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Last-minute Lamaze lands the spoils

May 8, 2010

by Lulu Kyriacou


Eric Lamaze and Hickstead.


Simon Delestre and Orphee de L'illon.

The Global Champions Tour of Spain began with 50 riders from 18 nations lining up to try to win a share of the €300,000 total prize money up for grabs.

Frank Rothenburg built courses that tested the best without being too demanding so everyone would get a good warm up before the Grand Prix.

But an Olympic champion clearly needs less time to acclimatise than others. Arriving in Valencia only a couple of hours before his first class, Eric Lamaze came second in that and then galloped away with the second worth €6000 to the winner.

Sixteen of the starters had jumped clean to get through to the jump off although a couple elected not to go in that round and save their horses for there next say, there were still 13 others for the Canadian to beat.

But by the time Lamaze entered the ring, Richard Spooner had already been eliminated when the notoriously difficult Cristallo point blank refused to jump the last fence and no one else had broken the 50 second barrier. So stopping the watch at 46.31 left the others all chasing the time.

Next to go Timothee Anciaume on his giant European Championship mount Lamm de Fetan actually ended up next best as the French horse's ground devouring stride got the job done in 46.83. Alvaro de Miranda was third on AD Untouchable and Cian O'Connor fourth on K Club Lady, a horse he found in Spain only months ago and has already been placed on at Lummen and Hagen recently.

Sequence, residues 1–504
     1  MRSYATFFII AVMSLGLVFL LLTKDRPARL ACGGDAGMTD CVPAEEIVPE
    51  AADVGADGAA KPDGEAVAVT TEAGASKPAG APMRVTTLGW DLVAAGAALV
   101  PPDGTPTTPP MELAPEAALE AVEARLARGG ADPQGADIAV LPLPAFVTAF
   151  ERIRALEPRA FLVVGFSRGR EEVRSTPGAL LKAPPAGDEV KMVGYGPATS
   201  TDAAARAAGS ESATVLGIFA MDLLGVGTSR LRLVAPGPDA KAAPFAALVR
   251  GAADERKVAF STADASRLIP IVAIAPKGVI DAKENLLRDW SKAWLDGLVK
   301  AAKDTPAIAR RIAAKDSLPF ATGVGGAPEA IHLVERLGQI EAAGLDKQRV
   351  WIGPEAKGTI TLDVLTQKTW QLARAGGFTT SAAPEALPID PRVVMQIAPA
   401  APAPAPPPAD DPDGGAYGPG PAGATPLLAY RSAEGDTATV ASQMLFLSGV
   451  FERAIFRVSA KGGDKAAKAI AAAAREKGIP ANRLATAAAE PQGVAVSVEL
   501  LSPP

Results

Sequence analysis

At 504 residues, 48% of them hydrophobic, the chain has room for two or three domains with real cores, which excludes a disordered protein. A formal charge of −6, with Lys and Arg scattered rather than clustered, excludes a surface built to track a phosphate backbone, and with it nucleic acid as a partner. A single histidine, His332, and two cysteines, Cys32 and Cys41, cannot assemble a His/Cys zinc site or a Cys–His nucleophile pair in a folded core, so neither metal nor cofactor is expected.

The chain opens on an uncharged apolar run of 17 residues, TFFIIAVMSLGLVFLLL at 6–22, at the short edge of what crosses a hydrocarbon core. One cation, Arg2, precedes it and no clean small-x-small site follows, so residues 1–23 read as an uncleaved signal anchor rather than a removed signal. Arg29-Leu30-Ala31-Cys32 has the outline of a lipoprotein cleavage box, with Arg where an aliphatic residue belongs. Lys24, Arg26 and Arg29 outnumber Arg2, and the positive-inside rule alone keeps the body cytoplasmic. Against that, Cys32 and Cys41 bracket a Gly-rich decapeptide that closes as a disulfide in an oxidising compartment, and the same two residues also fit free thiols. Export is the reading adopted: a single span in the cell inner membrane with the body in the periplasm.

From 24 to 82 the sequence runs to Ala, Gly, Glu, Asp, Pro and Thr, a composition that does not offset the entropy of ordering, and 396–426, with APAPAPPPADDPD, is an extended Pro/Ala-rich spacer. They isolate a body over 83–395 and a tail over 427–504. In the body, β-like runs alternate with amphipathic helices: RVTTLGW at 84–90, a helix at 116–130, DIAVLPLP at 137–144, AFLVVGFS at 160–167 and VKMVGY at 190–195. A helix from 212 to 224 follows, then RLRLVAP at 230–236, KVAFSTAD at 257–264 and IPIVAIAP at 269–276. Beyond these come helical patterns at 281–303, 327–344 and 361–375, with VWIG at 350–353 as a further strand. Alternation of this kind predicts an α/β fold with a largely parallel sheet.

Earlier Simon Delestre had a dream start to his GCT career when winning the opening speed class. Third to go in the ring he set a time of 51.21 that was never beaten although there were several good efforts to do so. In the end, riders from the other side of the Atlantic fared second best.

Eric Lamaze taking second in 52.82 with his consistent winner Take Off and Richard Spooner making third spot on Pako, who went through the finish in 53.02.

Richard had worked hard to earn this prize, though. During the previous day's warm up, Pako had taken violent exception to the screen at the edge of the arena. Richard had spent over a hour getting the horse used to it. "He is always a little bit like that with those sort of things but I am glad he got over it. As for this place, the arena reminds me of Monaco, which has been lucky for me, so I am hoping I will do OK here as well!"

An impressive debutant was Cindy Van der Straten who trains with Jos Lansink and finished sixth.

"For me, this was an amazing opportunity, so I am very happy. And I have never seen a show ground as beautiful as this one, so everything is special," she said.

 

 

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